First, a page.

Sen. Leahy responds
to letter writer
Editor of the Reformer:
I write in reply to Mr. Dart Everett ("Deliberation? Not in the U.S. Senate," April 19) about the Senate’s consideration of comprehensive immigration reform legislation. I would guess that Mr. Everett and I share the general goal of fixing the nation’s broken immigration system. I have made comprehensive immigration reform a top priority for the Judiciary Committee this year, and am making every effort to ensure that sound and well-examined immigration reform legislation moves through the Senate with the deliberateness that the American people expect and that this difficult task requires.
While Mr. Everett asserts that I have agreed "to hold only one hearing" before considering this important bill, the fact is that we have had five hearings in the Judiciary Committee on the issue this year, with another scheduled. I am proud that Vermont will have a front-and-center seat as the immigration reform package is assembled. I have invited Vermonters to both attend and testify at these hearings, knowing how much our broken immigration system hurts Vermont farmers and businesses. These hearings are public and streamed live online. In fact, in the past three Congresses under my role as chairman, the Judiciary Committee held 24 hearings on immigration. My staff and I have sought out, heard from, and met with Vermonters to gather facts and to help shape appropriate solutions. To me, listening, learning and refining are what the legislative process is about. That is what I have done and will continue to do as these reforms are shaped into legislation.
It would be a shame if this critical and bipartisan effort were slowed down by the partisanship and filibuster tactics that have come to define the Senate in recent years. To ensure a fair and open process, the Judiciary Committee will have extensive markup sessions beginning in May, allowing every senator on the committee and their staff the time to read and understand proposals made by the "gang of eight." In these committee meetings, senators will have the chance to offer and consider amendments in a public setting. I believe that transparency in this process is just as important as the legislation we ultimately adopt.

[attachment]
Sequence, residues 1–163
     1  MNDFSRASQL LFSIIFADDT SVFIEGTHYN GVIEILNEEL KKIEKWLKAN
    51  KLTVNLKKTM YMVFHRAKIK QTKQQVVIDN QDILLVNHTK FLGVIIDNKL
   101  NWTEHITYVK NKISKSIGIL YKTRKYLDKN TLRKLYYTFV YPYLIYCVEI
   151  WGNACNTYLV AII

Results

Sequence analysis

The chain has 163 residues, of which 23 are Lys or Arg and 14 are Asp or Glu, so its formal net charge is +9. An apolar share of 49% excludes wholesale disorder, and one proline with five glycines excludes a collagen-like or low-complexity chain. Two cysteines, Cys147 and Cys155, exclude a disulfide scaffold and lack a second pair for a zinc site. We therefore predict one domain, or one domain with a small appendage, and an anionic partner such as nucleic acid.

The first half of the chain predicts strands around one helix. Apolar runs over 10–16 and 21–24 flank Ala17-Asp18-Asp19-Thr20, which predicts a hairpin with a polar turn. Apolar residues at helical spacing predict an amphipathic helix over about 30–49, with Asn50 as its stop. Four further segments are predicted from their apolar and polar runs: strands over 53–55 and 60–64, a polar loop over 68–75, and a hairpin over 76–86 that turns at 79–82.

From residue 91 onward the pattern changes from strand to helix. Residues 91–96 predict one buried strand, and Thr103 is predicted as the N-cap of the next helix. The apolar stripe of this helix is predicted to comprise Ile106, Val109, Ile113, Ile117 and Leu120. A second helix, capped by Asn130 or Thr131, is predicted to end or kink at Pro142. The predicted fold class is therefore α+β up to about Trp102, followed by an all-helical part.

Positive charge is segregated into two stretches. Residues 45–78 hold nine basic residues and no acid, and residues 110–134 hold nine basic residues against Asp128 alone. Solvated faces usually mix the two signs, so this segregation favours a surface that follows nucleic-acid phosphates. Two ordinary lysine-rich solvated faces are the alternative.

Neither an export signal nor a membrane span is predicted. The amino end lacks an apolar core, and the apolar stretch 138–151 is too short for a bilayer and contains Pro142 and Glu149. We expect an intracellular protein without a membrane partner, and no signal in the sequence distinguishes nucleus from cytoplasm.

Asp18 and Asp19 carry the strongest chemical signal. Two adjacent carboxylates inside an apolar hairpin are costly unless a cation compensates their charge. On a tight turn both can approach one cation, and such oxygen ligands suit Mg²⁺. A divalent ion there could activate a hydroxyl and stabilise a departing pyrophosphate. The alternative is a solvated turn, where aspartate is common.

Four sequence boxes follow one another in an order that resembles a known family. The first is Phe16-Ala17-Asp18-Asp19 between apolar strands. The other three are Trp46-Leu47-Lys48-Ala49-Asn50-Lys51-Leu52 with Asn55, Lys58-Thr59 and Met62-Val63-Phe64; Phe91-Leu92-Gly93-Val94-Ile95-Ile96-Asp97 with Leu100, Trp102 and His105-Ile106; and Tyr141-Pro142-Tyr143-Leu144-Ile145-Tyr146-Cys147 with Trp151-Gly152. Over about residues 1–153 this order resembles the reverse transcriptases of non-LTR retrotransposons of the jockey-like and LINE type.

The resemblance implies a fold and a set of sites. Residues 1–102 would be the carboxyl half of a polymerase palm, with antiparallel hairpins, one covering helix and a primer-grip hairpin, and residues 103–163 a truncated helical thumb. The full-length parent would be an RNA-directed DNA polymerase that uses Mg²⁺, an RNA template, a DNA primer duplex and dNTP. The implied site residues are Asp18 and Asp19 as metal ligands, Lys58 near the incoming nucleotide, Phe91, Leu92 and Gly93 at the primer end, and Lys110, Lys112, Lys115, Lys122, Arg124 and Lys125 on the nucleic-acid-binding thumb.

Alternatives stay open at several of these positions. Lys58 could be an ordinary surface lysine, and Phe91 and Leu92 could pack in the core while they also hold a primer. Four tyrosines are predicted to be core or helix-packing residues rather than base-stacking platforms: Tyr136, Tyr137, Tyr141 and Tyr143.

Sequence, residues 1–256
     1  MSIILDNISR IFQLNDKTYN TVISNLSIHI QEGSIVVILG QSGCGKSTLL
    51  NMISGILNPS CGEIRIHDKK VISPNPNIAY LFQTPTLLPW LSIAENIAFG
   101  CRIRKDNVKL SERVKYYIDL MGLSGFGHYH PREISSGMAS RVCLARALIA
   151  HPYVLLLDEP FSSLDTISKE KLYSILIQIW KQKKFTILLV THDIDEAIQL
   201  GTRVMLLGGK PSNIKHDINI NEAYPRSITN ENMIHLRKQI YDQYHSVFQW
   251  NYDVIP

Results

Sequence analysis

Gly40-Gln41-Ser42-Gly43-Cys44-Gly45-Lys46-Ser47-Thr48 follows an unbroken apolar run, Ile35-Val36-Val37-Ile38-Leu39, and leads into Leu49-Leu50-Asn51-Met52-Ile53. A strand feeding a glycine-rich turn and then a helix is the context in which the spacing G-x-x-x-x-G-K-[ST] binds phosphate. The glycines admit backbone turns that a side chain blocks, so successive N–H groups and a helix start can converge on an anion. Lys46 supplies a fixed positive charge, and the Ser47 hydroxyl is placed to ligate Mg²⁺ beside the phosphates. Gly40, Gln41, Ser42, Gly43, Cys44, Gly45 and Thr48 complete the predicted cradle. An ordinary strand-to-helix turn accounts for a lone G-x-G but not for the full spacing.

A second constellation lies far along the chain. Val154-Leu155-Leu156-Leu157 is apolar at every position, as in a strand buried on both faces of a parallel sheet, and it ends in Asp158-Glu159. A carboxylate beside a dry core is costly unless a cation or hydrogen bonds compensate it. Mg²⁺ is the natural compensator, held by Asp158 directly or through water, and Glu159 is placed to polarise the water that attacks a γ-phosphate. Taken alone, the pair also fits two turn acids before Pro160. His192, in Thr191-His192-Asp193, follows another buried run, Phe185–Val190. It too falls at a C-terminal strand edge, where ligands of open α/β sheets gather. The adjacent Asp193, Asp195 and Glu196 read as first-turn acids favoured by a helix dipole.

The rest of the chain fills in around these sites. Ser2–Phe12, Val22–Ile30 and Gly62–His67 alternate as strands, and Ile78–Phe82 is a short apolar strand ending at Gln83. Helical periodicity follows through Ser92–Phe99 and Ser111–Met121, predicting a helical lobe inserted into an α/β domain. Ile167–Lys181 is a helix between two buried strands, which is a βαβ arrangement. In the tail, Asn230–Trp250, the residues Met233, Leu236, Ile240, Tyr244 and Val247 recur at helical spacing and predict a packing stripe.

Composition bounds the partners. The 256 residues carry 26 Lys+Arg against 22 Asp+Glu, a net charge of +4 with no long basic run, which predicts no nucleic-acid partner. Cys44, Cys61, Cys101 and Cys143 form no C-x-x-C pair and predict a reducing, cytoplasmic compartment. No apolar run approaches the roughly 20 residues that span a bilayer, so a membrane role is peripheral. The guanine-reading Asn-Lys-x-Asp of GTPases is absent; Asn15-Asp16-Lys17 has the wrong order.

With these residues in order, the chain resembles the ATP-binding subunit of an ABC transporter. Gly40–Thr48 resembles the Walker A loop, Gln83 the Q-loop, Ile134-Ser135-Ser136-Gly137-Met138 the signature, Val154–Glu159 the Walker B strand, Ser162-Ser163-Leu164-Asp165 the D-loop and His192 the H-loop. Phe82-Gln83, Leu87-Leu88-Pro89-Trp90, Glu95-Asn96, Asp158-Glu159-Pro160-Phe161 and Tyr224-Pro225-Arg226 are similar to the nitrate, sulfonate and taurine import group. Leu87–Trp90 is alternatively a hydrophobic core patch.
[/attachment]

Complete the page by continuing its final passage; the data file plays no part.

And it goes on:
Immigration reform is a complex and difficult issue, but it is one that Americans have rightly called on Congress to address. As I noted in the Reformer last month, for too long Washington’s attitude toward immigration policy has started and ended with bumper sticker slogans. In Vermont we know that something has to be done to give relief to dairy farmers, support economic development and provide fair treatment for families and refugees and asylum seekers. I am committed to upholding these priorities this year, and I look forward to leading this important conversation in the coming weeks.
Patrick Leahy, D-Vt.,
United States Senate,
Editor of the Reformer:
We recently lost a wonderful member of the community: Mary Dunham. I first met her and her husband Phil (deceased 2011) through the Brattleboro After School Ski Program which they organized and started. The first thing on the agenda was fitting boots and skis on kids who would otherwise never get this opportunity. They stored all these skis, poles and boots in their own barn, and we’d get down on our hands and knees making sure each child had a good fit.
A few years later I acquired a friend from the part of the country where he didn’t grow up skiing but wanted to give it a try. I called Mary and Phil and, even though it was the busy holiday season, they invited us over and fitted my friend with gear.
I once complimented Mary on her beautiful wreaths, expressing the fact that I had always wanted to master the art of making a grapevine wreath. She invited me to come make some with her, we drove up and down upper Dummerston road near her home. We’d pull over tear down some vines and weave a creation right there on the spot.
Regretfully I wasn’t available to attend her recent service. I am heartened, however, that she and her husband Phil’s generosity of spirit lives on in their family members, and all the people they have touched,and helped over the years.
The next time I set out to do my annual wreath making it will now have very special resonance with me. My wreath making adventure with Mrs. Mary Dunham.
Brattleboro, April 26